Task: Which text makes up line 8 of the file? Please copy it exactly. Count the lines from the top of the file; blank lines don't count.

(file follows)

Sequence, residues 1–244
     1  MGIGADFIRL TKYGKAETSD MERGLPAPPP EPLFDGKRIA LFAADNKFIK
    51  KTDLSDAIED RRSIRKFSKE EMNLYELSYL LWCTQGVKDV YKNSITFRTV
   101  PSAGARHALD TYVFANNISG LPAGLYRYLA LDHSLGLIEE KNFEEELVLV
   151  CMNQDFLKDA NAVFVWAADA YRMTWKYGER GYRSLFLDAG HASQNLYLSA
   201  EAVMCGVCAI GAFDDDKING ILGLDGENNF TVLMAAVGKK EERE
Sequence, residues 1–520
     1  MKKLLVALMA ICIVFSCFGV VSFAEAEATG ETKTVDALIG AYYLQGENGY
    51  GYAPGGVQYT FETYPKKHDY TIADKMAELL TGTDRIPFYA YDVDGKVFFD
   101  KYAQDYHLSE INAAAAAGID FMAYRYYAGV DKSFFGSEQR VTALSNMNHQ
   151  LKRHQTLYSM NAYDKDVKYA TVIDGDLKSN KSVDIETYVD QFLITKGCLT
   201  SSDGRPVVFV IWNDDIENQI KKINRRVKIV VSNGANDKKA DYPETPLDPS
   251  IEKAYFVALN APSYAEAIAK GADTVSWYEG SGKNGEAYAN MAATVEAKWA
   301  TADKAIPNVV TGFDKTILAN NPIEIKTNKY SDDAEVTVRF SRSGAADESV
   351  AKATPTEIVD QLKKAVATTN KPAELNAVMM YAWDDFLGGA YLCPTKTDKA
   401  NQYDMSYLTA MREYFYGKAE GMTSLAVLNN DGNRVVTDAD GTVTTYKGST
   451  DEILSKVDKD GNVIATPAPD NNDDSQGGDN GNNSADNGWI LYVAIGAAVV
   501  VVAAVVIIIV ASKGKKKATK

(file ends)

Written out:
     1  MKKLLVALMA ICIVFSCFGV VSFAEAEATG ETKTVDALIG AYYLQGENGY